Making Complaints Count
Consumer group Which? recently launched a campaign designed to make sure that public service organisations take action when people complain about the services they have received.
It’s just the latest in a series of moves to empower the consumers of both public and private services – and in our view it is a positive move. Why? Because at the end of the day effective complaints systems not only benefit the people complaining but also the organisations complained against.
They improve services as a whole.
According to Which?, a third (34%) of people who experienced a problem with public services in the past year didn’t complain, often because, given the number of different public services ombudsmen available, they didn’t know who to complain to (35%).
Taking the NHS as an example, Which? reveals that 43% of those who did not make a complaint over the last year wrongly thought they would go to the Department of Health if a problem with a GP wasn’t resolved, instead of the Parliamentary and Health Service Ombudsman (PHSO). Less than a quarter (23%) got this right.
In fact only 52% had actually heard of the PHSO, compared to 94% who had heard of Trading Standards and 86% who had heard of the Financial Services Ombudsman.
Not worth the effort
Another problem highlighted by respondents to the Which? survey is the fact that people did not think that complaining would be worth the effort (39%).
Looking at the NHS again, 32% said they did not make an NHS complaint because they didn’t think anything would come of it, while three-quarters (75%) said they would be more likely to make a complaint if they knew it would result in direct action and 79% would if they knew it would make a difference to other people’s experience.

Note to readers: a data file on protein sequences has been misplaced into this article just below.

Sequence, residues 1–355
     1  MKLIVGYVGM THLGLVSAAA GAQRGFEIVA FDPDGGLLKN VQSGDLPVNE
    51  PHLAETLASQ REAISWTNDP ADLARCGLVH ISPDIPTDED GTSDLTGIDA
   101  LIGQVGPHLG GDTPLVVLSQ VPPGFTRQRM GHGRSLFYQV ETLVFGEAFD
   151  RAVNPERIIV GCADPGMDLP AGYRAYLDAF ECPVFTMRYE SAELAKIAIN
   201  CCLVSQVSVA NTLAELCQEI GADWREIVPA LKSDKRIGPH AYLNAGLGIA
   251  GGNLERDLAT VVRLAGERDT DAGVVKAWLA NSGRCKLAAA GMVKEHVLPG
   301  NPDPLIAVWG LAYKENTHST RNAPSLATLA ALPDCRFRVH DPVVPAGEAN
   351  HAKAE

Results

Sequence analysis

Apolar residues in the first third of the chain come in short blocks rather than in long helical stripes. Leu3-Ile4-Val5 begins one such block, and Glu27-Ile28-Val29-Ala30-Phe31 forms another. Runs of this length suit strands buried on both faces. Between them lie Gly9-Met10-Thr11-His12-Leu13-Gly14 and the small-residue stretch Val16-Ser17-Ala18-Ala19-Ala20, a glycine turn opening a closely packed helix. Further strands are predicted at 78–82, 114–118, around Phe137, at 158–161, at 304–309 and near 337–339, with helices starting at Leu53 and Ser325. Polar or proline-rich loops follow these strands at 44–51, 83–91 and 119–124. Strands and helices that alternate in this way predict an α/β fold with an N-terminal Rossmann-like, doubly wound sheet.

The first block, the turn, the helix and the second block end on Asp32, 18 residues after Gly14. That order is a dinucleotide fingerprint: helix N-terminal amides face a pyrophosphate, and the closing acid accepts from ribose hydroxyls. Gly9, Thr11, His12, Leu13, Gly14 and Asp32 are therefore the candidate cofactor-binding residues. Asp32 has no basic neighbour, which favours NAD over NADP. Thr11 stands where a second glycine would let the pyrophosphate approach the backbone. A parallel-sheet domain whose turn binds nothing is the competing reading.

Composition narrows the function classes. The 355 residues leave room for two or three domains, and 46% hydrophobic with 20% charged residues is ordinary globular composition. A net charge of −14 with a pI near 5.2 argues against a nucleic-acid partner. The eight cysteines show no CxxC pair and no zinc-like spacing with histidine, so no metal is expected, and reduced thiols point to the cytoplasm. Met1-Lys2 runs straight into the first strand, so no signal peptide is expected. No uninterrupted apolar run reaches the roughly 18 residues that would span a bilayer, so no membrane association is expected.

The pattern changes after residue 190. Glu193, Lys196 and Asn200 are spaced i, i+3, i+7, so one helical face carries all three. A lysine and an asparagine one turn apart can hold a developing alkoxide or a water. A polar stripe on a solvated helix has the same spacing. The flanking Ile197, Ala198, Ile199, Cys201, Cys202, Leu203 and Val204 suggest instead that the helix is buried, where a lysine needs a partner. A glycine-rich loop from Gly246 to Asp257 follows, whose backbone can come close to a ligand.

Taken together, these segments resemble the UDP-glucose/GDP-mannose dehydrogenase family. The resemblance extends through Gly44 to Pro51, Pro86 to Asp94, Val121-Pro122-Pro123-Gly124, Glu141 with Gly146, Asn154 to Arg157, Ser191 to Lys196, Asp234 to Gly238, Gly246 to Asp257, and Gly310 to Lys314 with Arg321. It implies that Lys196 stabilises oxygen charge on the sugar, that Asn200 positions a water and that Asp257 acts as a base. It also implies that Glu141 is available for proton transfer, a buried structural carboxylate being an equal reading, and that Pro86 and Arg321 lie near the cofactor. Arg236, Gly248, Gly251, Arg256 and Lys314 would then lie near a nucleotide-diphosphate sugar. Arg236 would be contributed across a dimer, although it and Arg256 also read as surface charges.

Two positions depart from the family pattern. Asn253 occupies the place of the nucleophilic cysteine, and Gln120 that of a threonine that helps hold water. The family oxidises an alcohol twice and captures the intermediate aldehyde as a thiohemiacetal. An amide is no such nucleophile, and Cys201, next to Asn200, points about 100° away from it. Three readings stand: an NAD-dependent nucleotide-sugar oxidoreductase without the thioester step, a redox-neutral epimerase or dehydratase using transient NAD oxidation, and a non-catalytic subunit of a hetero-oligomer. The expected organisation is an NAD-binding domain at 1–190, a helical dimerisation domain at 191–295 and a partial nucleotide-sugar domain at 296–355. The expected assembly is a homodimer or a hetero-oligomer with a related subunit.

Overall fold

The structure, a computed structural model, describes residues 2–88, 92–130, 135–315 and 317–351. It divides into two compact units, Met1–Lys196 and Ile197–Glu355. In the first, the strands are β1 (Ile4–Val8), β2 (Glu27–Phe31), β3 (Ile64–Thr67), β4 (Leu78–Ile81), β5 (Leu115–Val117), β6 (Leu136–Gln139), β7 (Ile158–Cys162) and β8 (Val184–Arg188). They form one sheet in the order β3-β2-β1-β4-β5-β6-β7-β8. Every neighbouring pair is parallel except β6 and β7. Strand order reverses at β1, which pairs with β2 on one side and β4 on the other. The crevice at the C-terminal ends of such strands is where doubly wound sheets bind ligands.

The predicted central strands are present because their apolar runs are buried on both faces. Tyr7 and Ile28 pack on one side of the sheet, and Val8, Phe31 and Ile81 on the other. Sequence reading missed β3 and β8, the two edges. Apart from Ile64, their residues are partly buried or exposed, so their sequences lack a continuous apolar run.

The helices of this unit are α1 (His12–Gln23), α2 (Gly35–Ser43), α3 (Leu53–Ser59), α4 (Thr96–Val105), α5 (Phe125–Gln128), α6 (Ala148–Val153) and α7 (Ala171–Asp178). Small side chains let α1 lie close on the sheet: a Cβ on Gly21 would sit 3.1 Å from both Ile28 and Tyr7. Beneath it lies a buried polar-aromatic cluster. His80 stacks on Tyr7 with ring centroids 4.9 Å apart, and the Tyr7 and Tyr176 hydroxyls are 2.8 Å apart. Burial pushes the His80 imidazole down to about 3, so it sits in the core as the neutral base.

Making a difference
Which?’s campaign therefore calls on the Government to:
• Give people a role in triggering inspections by regulators through their complaints;
• Give people a voice by allowing representative groups to make super-complaints about public services, as they do in private markets; and
• Give people a unified public services ombudsman which can swiftly deal with their unresolved complaints.
The question of a unified ombudsman or a single complaints portal is something we considered before, and it is interesting to see the idea not only being pushed by Which? in this new campaign – but also in the recently launched Government consultation on dispute resolution for consumers.
The consultation forms part of the work being carried out by the Government in order to implement new measures on Alternative Dispute Resolution (ADR) and Online Dispute Resolution (ODR). The rules, which take the form of an EU Directive and EU Regulation, must be in force by July 2015.
The aim is to give consumers greater access to redress if something goes wrong with their purchase of goods or services, and includes the creation of an ADR scheme to help them resolve complaints without the cost and hassle of going to court.
But the Government has identified the same problem faced by ombudsman schemes – public confusion as to which ADR scheme will be relevant for which complaint. It is therefore considering the creation of a single consumer facing complaints website and a phone line, to tackle this issue.
Focus on complaints
The initiatives contained in both the Which? campaign and the consultation are further signs of a change in approach to complaints – from a reactive process, regarded as a necessary business evil, to a proactive process that uses technology to bring consumer rights and business needs together.
In the context of both public and private services, allowing people to complain effectively, at the right time and to the right people, makes sure that problems with those services are identified early and resolved quickly.
And that can only be good news for everyone.
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